By Franchie Viaud, Staff Writer
Young women are finding it difficult to find a legitimate doctor to willingly sterilize them. The arguments against sterilizing these women are always the same—either they are too young, or they are worried that by not having children, they will come to regret their decision later on, subtly implying that the women are not old enough to make their own decisions.
A recent article from the Huffington Post tells the story of a 24-year-old woman when she first approached a doctor about being sterilized. She was turned down on account of her age, and then again when she asked the next year, and again the year after that. She was told that she would find no self-respecting doctor willing to go through with the procedure.
It begs the question as to whether gender clouds decisions. Is it somehow harder to render a woman childless permanently, at least the natural way, than it is a man? Are vasectomies met with more acceptance? Physicians’ concerns are in no way invalid — after all, a large number of women who have gone through with the procedure later regret choosing a less permanent route in their formative years. And at this point, it is often too late.
It also makes you ponder why women even take such a drastic step. A cocktail of birth controls and condoms should take care of the issue of conception without having to go through with something so perpetual. It seems like an unnecessary risk.
There are even laws in place to make sure that a woman has to be a certain age to get sterilized, yet there are no statures put in place that require a certain age for a man to receive a vasectomy. It is too hard to believe that a woman can’t come to this conclusion as a spur of the moment thing, that a lot of thought had been put into it, like all difficult choices and wasn’t simply a flight of fancy? A doctor’s hesitation does have merit — if the doctor hadn’t at least tried to make sure that she were absolutely certain about her choice, that doctor wouldn’t be doing his or her job.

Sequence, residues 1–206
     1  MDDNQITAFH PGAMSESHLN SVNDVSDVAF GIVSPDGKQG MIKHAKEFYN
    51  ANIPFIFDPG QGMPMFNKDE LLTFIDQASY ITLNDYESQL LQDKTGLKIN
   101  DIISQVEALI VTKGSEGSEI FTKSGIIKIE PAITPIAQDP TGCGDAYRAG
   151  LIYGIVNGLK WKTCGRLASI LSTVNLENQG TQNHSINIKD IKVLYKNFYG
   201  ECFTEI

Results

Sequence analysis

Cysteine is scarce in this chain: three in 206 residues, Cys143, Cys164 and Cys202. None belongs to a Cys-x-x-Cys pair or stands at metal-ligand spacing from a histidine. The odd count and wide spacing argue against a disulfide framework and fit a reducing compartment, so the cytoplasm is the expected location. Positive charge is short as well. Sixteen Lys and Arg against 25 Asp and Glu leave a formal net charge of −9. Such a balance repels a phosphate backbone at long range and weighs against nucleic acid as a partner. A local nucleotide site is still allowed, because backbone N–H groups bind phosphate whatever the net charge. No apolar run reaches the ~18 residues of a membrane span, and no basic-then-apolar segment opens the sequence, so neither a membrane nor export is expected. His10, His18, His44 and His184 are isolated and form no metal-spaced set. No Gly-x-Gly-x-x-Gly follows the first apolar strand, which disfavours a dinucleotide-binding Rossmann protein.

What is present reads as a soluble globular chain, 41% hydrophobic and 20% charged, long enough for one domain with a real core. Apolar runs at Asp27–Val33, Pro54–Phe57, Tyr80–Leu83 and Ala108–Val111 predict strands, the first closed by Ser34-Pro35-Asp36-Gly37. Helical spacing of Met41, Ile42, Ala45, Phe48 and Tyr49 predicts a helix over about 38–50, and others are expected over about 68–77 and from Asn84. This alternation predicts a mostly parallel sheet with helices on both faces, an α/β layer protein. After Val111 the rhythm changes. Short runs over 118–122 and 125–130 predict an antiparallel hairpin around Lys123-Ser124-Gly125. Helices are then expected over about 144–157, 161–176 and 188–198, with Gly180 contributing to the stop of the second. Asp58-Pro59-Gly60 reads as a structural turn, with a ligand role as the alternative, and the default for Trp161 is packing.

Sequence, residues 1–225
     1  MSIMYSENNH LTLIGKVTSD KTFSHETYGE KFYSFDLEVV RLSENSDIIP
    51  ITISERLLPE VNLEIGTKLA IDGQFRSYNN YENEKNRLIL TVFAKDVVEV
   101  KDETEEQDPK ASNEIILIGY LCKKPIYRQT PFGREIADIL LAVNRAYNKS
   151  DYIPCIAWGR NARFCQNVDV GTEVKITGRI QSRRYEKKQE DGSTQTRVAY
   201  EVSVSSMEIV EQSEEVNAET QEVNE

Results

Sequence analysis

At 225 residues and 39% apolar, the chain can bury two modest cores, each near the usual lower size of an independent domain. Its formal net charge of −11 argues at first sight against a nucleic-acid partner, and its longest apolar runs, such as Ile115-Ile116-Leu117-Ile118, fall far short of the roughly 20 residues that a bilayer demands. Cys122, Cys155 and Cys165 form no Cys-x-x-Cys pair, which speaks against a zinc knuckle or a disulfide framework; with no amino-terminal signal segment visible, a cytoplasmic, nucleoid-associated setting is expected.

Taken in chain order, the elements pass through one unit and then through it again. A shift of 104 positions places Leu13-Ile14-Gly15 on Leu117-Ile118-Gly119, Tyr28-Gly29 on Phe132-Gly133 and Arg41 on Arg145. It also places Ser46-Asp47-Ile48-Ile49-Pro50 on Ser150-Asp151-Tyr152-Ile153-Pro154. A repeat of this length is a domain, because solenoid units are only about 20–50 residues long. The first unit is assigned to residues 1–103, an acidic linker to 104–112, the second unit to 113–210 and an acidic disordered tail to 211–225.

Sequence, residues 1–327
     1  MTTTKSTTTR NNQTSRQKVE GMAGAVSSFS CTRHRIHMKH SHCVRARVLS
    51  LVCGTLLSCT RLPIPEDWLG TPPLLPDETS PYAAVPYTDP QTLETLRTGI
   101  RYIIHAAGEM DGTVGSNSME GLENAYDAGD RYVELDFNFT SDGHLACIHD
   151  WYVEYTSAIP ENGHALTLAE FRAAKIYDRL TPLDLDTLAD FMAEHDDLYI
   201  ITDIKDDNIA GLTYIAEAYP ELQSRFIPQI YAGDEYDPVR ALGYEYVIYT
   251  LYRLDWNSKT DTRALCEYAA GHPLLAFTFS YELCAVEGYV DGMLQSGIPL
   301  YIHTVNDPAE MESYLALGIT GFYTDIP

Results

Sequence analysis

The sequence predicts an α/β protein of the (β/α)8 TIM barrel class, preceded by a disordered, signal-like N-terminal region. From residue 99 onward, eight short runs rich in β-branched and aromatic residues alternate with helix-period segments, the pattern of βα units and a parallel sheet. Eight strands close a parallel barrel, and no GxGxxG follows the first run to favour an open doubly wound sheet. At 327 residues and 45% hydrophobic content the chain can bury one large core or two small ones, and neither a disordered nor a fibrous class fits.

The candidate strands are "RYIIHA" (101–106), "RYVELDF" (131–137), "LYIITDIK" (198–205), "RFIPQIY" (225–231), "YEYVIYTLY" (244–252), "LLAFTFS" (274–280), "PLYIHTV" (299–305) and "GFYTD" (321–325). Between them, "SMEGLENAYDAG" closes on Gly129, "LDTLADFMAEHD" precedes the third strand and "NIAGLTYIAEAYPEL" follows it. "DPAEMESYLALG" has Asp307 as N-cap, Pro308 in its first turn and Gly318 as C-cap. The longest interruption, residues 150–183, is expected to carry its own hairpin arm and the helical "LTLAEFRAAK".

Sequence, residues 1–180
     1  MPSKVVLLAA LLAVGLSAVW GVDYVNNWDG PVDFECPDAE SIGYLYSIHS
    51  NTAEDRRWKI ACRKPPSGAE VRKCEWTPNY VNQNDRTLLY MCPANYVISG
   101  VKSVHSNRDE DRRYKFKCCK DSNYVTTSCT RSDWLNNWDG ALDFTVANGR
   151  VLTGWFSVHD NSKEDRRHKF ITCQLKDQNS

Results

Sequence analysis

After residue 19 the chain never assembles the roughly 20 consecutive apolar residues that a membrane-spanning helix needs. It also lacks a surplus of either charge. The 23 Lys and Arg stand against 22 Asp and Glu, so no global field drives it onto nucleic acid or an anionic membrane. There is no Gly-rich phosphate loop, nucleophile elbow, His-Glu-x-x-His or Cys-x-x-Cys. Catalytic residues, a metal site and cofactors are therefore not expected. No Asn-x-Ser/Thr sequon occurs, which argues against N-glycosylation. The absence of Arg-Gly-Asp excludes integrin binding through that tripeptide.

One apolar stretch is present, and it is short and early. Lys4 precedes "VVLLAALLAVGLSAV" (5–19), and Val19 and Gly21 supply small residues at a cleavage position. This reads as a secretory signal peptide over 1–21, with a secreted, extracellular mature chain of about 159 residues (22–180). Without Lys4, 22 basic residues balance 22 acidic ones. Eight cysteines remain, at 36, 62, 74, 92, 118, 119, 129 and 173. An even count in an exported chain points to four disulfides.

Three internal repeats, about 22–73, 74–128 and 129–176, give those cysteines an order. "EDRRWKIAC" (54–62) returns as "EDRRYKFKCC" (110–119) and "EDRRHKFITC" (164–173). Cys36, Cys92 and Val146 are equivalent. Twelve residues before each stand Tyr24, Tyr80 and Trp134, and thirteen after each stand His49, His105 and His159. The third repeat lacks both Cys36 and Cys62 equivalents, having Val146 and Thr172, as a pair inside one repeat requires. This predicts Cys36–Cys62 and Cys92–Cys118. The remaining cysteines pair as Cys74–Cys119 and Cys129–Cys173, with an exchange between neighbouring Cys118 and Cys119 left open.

Some doctors, however, make the case for similar long-term forms of contraceptives, arguing it’s the “better” option for sexually active young women. They’re both effective as an “almost permanent” means of sterilization, and are completely reversible should she choose in the future to bear children.
As long as a woman is informed about the risks, and the numbers and statistics are spelled out to her in great painstaking detail repeatedly, then her age shouldn’t come into consideration. Given, sometimes you can’t be prepared for things until you’ve experienced it firsthand. How you feel now doesn’t determine that you will feel the same 15 years later. In the end, we should be allowed a little change of heart.